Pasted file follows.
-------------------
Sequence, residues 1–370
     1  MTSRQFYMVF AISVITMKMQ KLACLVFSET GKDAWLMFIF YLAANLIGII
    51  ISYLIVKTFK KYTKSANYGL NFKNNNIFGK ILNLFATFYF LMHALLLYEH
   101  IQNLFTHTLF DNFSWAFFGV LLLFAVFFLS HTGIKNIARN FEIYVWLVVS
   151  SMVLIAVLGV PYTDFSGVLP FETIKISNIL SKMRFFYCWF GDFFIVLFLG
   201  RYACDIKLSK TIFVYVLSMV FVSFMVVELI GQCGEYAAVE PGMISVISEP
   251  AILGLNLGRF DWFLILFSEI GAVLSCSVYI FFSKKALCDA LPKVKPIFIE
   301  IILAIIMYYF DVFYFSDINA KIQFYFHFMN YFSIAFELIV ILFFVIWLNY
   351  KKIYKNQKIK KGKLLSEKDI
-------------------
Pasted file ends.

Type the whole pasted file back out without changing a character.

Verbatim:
Sequence, residues 1–370
     1  MTSRQFYMVF AISVITMKMQ KLACLVFSET GKDAWLMFIF YLAANLIGII
    51  ISYLIVKTFK KYTKSANYGL NFKNNNIFGK ILNLFATFYF LMHALLLYEH
   101  IQNLFTHTLF DNFSWAFFGV LLLFAVFFLS HTGIKNIARN FEIYVWLVVS
   151  SMVLIAVLGV PYTDFSGVLP FETIKISNIL SKMRFFYCWF GDFFIVLFLG
   201  RYACDIKLSK TIFVYVLSMV FVSFMVVELI GQCGEYAAVE PGMISVISEP
   251  AILGLNLGRF DWFLILFSEI GAVLSCSVYI FFSKKALCDA LPKVKPIFIE
   301  IILAIIMYYF DVFYFSDINA KIQFYFHFMN YFSIAFELIV ILFFVIWLNY
   351  KKIYKNQKIK KGKLLSEKDI